Richard Hell and the Voidoids: Destiny Street Complete

Forty years in the life of an album

After being in the thick of New York’s underground scene with the Neon Boys, Television and the Heartbreakers, Richard Hell founded the Voidoids with guitarists Robert Quine and Ivan Julian, and future Ramones drummer Marc Bell. The quartet’s 1977 debut was headlined by Hell’s anthem “Blank Generation,” and became a touchstone for the nihilistic themes, cynical attitudes and rejection of societal norms that would come to define the scene’s musical, intellectual and sartorial aesthetics. Hell’s disenchantment with touring, the music business, and a deepening drug addiction led to a four year gap before he and the reformed Voidoids (then consisting of guitarists Quine and Juan “Naux” Maciel, and drummer Fred Maher) recorded this second and final album.

By the time of the album’s 1982 release, Richard Hell was thirty-two, punk rock had been supplanted in public spaces by the more commercially digestible new wave, and the underground had morphed into indie and hardcore scenes. The reactionary societal repudiations of the debut had given way to more ruminative views, but Hell had become impaired by addiction, and his sporadic involvement in the sessions led to disappointment in arrangements and production that didn’t match his conception of the songs. Upon regaining rights to the album some years later, Hell removed it from print, with a wish to remix it more to his liking. But with the original multitracks having been lost, his wish was put on hold until he discovered a cassette of the album’s rhythm tracks. This opened the door to re-record the album with new vocals, and new guitar leads by Bill Frissell, Marc Ribot, and original Voidoid Ivan Julian.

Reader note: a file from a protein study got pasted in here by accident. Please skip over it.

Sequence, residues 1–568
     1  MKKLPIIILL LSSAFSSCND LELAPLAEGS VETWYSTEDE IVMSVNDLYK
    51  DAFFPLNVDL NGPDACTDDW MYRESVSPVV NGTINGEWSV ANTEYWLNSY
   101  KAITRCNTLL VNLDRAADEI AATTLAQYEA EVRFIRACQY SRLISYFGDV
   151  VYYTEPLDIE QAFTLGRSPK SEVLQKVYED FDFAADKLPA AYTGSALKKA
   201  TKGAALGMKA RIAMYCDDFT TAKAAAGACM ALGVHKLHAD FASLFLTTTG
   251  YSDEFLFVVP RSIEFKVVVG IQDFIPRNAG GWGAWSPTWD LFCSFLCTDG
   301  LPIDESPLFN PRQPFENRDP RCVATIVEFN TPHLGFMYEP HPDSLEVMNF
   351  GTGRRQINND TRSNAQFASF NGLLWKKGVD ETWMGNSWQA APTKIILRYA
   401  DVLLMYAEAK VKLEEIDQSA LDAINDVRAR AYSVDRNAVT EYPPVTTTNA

The results of these sessions were released in 2009 as Destiny Street Repaired. “Repaired” is a figurative description, since the album’s breakage was in Hell’s artistic soul, and the repair was more of a reimagining. Think of Brian Wilson finishing the Beach Boys’ Smile,  rather than Paul McCartney stripping Phil Spector from the Beatles’ Let It Be. The urge to revise strikes artists of many media, and the twenty-seven year gap between the original album and the remake created interesting artistic resonances. The almost-sixty-year-old Hell revisited works from his thirties with new compadres and a guitarist who’d accompanied him in his twenties. Further twisting the timeline, the title track features a narrator visiting himself ten years earlier, a song that Hell himself was revisiting many years later.

A decade after repairing the album, three of the four original 24-track master reels were found, and together with the Yeah Yeah Yeahs’ Nick Zinner, Hell indulged his original desire to remix the original performances. With only three-fourths of the masters available, tracks from Repaired were used to fill in the holes. This Remixed version provides a halfway house between the Remastered original and Repaired revision. Fans of the original album get (mostly) the original performances they grew to love, while Hell gets closer to the sonics he’d originally envisioned. And if three different versions of the album isn’t enough, this set adds demos, the original Nick Lowe-produced single versions of “The Kid With the Replaceable Head” and “I’m Your Man,” the 1980 single of “Time” b/w “Don’t Die,” and a live recorsing of “Time.” When they say “complete,” then mean “complete.”